Landmark Tower (Fort Worth, Texas) facts for kids
Quick facts for kidsLandmark Tower
The building in 2000
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|Former names||Continental National Bank Building (1957–1982), Texas Building (1982–1998)|
|Location||200 West 7th Street, Fort Worth, Texas|
|Demolished||March 18, 2006|
|Tip||420 feet (130 m)|
|Roof||380 feet (120 m)|
|Design and construction|
|Architecture firm||Preston M. Geren & Associates|
The Landmark Tower was a 30-story skyscraper in Fort Worth, Texas. Designed by Fort Worth architecture firm Preston M. Geren & Associates, Landmark Tower was the tallest building in the city from its opening in 1957 until the completion of The Fort Worth Tower in 1974. After being abandoned in 1990, the tower stood vacant for more than 15 years until it was demolished in 2006. It is one of the tallest buildings ever to be demolished.
The lower half original brick and granite building broke ground on June 27, 1950 and was completed in 1952. It was originally designed as a 28 story brick tower with a red granite base. It opened in 1952, was four stories tall and had one floor of the brick facade above the granite base. The building was originally built as the headquarters of the Continental National Bank of Fort Worth and ground was broken for the tower in 1952. However, the building only reached the fourth floor before construction was halted due to adverse economic conditions. Construction began again in 1956, building progression commenced, and was completed. It opened in 1957. The building was redesigned to support the rotating digital clock, which included cladding the building with an aluminum curtain wall instead of brick. It was built using a conventional steel frame with an aluminum curtain wall. At the time of its completion, the 380-foot (120 m) building was the tallest in the city, surpassing the 307-foot (94 m) 714 Main, built in 1921.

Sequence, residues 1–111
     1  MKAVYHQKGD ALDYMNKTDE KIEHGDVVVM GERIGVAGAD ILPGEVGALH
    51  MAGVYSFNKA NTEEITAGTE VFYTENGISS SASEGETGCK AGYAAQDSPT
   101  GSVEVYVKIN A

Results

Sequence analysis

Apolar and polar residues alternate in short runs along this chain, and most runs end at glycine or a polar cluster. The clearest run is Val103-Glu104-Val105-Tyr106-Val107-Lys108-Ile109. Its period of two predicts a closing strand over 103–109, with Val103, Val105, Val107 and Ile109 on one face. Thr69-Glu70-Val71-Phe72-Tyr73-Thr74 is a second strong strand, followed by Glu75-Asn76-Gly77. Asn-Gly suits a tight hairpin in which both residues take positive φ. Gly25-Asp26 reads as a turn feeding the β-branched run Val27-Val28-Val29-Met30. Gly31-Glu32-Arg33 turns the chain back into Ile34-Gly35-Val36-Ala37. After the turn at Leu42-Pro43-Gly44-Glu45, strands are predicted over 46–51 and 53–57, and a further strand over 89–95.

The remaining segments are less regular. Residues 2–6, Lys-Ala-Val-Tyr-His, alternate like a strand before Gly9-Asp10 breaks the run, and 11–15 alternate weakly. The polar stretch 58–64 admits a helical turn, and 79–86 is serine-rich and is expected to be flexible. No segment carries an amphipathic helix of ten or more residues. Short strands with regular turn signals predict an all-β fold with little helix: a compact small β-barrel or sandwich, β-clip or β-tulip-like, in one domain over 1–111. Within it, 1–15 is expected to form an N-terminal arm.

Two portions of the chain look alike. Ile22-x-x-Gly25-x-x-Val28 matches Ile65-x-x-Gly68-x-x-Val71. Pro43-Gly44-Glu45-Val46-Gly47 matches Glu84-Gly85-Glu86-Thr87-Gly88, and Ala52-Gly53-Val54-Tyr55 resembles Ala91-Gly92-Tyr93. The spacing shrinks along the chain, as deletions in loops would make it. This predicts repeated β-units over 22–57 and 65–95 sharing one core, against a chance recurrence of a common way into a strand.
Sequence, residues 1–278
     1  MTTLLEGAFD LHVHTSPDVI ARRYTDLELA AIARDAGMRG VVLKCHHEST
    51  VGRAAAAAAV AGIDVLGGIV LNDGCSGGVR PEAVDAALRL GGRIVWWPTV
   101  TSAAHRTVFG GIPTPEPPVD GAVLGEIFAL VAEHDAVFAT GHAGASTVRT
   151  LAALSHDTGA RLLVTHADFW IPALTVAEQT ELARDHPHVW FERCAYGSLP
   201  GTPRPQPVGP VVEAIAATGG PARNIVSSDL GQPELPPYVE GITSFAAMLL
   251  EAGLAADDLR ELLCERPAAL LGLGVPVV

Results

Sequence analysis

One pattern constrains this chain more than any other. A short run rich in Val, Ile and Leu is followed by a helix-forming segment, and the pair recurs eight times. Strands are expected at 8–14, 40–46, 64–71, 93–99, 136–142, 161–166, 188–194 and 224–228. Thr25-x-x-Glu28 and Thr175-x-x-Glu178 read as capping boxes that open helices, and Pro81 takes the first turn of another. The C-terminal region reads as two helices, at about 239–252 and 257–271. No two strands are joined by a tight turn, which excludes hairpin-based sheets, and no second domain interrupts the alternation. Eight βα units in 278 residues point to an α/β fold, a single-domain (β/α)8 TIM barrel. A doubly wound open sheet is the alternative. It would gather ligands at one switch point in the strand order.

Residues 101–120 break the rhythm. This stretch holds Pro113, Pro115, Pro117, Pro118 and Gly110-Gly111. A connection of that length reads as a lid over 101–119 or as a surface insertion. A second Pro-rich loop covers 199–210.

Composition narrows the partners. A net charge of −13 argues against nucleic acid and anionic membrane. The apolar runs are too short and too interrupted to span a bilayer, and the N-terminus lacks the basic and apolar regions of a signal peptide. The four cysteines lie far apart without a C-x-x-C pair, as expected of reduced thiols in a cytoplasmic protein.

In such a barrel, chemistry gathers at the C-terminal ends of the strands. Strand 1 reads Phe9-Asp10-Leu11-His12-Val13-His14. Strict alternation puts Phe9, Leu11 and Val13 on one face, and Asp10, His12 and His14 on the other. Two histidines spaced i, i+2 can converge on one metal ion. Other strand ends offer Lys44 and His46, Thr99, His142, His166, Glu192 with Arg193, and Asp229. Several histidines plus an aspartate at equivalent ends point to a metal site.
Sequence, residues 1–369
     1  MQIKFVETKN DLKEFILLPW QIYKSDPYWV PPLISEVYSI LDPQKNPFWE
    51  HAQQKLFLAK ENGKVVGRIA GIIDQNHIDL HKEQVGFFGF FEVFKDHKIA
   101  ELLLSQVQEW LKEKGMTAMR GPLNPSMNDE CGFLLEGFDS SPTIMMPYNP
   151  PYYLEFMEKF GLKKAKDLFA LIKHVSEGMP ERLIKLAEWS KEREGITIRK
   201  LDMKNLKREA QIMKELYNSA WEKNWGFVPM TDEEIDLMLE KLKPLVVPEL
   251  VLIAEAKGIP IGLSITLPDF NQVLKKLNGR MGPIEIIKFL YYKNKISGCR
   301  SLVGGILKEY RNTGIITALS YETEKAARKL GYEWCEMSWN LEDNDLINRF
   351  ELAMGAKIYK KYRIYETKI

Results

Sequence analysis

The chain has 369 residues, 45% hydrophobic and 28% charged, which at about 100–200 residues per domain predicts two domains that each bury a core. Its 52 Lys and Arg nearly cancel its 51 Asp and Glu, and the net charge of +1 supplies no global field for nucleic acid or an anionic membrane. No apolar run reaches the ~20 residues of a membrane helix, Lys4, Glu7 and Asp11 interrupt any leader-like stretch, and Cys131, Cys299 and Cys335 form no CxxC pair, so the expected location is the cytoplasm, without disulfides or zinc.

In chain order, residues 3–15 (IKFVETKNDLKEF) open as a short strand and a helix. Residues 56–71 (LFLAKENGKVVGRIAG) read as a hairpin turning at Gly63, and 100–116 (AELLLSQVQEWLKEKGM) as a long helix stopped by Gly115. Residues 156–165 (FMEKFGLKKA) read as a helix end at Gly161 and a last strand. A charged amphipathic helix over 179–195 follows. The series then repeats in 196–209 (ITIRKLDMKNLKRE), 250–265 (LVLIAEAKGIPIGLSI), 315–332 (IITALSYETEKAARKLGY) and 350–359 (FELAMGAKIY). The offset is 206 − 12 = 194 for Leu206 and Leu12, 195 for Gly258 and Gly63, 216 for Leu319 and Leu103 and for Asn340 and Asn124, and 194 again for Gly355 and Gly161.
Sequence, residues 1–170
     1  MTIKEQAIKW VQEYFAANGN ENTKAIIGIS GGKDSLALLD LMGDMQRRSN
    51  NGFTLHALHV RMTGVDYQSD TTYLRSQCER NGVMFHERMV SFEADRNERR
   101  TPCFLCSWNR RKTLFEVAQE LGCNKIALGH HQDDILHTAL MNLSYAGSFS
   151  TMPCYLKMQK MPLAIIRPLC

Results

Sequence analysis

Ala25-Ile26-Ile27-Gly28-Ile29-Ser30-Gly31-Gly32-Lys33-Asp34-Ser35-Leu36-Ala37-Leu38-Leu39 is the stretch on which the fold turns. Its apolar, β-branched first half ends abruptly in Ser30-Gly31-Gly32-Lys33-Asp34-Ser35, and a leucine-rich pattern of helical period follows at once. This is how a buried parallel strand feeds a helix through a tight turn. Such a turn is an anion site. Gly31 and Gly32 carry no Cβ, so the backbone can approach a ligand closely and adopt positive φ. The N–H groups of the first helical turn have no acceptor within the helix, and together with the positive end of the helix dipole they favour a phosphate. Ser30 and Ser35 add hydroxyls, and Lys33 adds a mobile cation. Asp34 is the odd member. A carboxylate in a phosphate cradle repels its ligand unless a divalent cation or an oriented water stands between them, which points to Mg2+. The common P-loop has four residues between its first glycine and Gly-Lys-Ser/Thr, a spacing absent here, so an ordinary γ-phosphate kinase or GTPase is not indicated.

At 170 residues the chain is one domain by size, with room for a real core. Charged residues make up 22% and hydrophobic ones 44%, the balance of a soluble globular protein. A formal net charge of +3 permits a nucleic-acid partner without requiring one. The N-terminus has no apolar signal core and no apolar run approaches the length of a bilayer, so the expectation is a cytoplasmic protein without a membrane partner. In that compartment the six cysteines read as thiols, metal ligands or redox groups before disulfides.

When the building opened in 1957, it included a four-sided 32 foot tall revolving digital clock and sign at the roof. Costing $196,000 and weighing 77 tons, it was the largest revolving digital clock and sign in the world at the time. As it was not included in the original designs, the installation required that the entire building be strengthened to support its weight. In addition, in 1971 a skywalk was built from the building's northeast side across Houston Street to provide easy access to a parking garage there. Although the machinery to rotate the clock stopped working in 1978, it was secured in place rather than being repaired. The clock continued to display the time until 1991.
Abandonment and Demolition
The building was abandoned in 1990 and stood vacant for the next 16 years. The building was hit by the F3 tornado on March 28, 2000 and suffered significant damage. The rotating digital 'CNB' (Continental National Bank) clock was removed from April 15-21, 2000 by orders of the City of Fort Worth for safety reasons. The skywalk was also removed during the same time. The building went through several owners through the years, and plans were to convert the skyscraper into a luxury apartment and condominium highrise in a similar fate to The Tower, however the project went bankrupt. The building was purchased under foreclosure by XTO Energy in January 2004. After determining that the estimated $62 million cost to refurbish the building was prohibitive, the company decided to raze the building to use the site for parking space and possibly a new building in the future. The company contracted Midwest Wrecking Company in November 2005 to perform the demolition. The lower half of where the original brick and granite building stood was removed, and after four months of preparation, the building was demolished by controlled explosive implosion on March 18, 2006 at 7:40 am. The demolition used 364 pounds (165 kg) of explosives and required 15 city blocks to be evacuated. Although at the time, XTO Energy discussed plans to eventually build a new 50 story skyscraper in its place. From 2008 to 2016, the site was occupied by a simple parking lot. In 2016 construction began on "Cowtown Place", a 6 level parking garage to replace the building.
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